I’m so sorry you lost your books in your move. That happened to me once, when I was in college. My parents moved from the house I’d grown up in to a new place in the middle of the semester, so I wasn’t there to participate in a meaningful way. I lost a whole crate of paperbacks, some of which I’ve never been able to replace. It still makes me a little sad, because books are such a part of who I am and have always been. I’ll keep putting more books into this Little Free Library, and you’re welcome to keep taking them. Let me know what you like to read, and I’ll keep an eye out for that for you. Welcome to the neighborhood.  🙂

Happy reading, everyone!

February Book Chat with Kara

January was a wee bit hectic, so Kara and I pushed off our book chat until this week, and since it’s valentines season, we’re tackling books with romantic plotlines (category romance or no).

You’ll hear in this video that I make reference to my Reading Year in Review lists. (If you want to see those, here they are for 2019 and 2020.) I always invite my readers to request reviews of any titles on those lists — it’s never to late to ask, if you want to know about them — and this year a few people wanted to know more about Red, White & Royal Blue by Casey McQuiston, so I’ve done that review in this month’s book chat video. (More reviews are coming, so if you requested one, please don’t think I’ve forgotten about you, even if it’s been a minute.)

This picture doesn’t include Kara’s chosen titles, because it’s a pandemic and we can’t actually get together. You’ll just have to watch the video to see what books she talks about!

 

Enjoy!

2020 Romance Titles Ranked By Heat Level

Last year after I posted my 2019 Reading Year in Review, I got requests to rank the romances I’d read over that year by heat level, which I happily did, and that request has been made again this year regarding my 2020 Reading Year in Review by a few people. I’m very pleased to oblige. (And if this becomes another annual tradition, I’m good with that.)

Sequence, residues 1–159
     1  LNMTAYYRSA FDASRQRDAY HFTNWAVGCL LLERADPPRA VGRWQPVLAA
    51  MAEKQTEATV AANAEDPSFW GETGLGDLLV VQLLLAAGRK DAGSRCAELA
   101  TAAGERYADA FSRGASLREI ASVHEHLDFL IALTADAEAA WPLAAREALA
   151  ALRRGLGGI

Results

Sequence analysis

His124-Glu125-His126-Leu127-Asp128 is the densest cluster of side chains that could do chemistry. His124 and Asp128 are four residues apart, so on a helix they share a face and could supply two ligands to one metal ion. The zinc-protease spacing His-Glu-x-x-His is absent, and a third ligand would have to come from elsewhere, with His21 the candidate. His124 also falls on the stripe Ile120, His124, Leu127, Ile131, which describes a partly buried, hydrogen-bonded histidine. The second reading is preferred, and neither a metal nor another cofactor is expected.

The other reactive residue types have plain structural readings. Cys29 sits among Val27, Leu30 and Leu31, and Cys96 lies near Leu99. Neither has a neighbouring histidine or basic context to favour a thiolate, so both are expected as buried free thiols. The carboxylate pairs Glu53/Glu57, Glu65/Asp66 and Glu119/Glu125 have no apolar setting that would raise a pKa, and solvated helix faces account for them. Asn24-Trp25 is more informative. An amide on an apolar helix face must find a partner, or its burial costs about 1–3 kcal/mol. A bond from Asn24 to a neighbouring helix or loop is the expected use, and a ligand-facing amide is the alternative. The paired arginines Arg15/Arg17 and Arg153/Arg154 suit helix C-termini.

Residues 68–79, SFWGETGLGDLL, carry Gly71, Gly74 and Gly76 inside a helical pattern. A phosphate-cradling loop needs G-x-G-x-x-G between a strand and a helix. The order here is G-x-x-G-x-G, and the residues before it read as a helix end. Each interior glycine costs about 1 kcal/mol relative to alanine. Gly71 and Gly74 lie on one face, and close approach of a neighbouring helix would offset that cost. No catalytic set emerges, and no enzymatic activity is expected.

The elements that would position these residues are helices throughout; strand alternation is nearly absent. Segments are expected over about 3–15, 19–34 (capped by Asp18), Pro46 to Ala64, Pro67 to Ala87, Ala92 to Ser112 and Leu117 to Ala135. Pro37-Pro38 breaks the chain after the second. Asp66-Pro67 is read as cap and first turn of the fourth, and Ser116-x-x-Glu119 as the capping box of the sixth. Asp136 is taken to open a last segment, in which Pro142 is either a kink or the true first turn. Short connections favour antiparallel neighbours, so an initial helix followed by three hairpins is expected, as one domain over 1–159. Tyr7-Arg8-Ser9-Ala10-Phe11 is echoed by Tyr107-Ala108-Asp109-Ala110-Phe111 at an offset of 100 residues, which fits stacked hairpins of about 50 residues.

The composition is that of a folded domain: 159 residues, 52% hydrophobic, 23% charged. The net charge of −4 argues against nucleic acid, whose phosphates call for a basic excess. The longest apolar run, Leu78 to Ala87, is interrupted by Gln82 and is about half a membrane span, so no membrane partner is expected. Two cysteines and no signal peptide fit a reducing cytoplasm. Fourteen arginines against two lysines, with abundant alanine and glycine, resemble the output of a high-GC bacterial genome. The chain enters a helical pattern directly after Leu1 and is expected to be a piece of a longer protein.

Here is a quick guide to what heat levels are in category romance: it essentially refers to the sensuality level or raciness of the story. While there are several different explanations for how to rate such things, I’m going to use this one here, which is really interesting and worth reading. (It will also explain with further context the rankings which follow.)

Here are the five levels of heat, in order, with very brief descriptions:

*  MILD — Sweet like a Hallmark Christmas movie, and I wouldn’t hesitate to recommend them to my adolescent children or even mature middle schoolers who were genuinely interested in the genre. In many examples of this heat level, the most titillating thing that happens might be kissing and the occasional cute innuendo.

*  MEDIUM — Generally equivalent to a PG-13 movie in that intimate situations or scenes are there, but they aren’t graphically described and won’t likely make people (who like the concept of kissing books) uncomfortable; I wouldn’t feel awkward recommending books like these to high school students who liked YA romance.

*  HOT — Sometimes called steamy, sexy, or spicy, this level includes most category romance books and offers a wide range of description of intimate activity and the language used to describe it; the titles I’ve included here also represent a wide range within this heat level.

*  NUCLEAR — Expect graphic descriptions and possible forays beyond vanilla.

*  EROTIC (ROMANCE) — This heat level pushes boundaries, most definitely; the characters’ emotional journeys are lived through explicit sexual activity, but (unlike in erotica) the emotional journey and the external story still retain primacy — as does the all-important happy story ending.

My reading diet is fairly inclusive, and I’m trying to make it broader every year. Representation matters, and so does buying and reading books which have it. Really diving into my lists over the years will net you quite a range.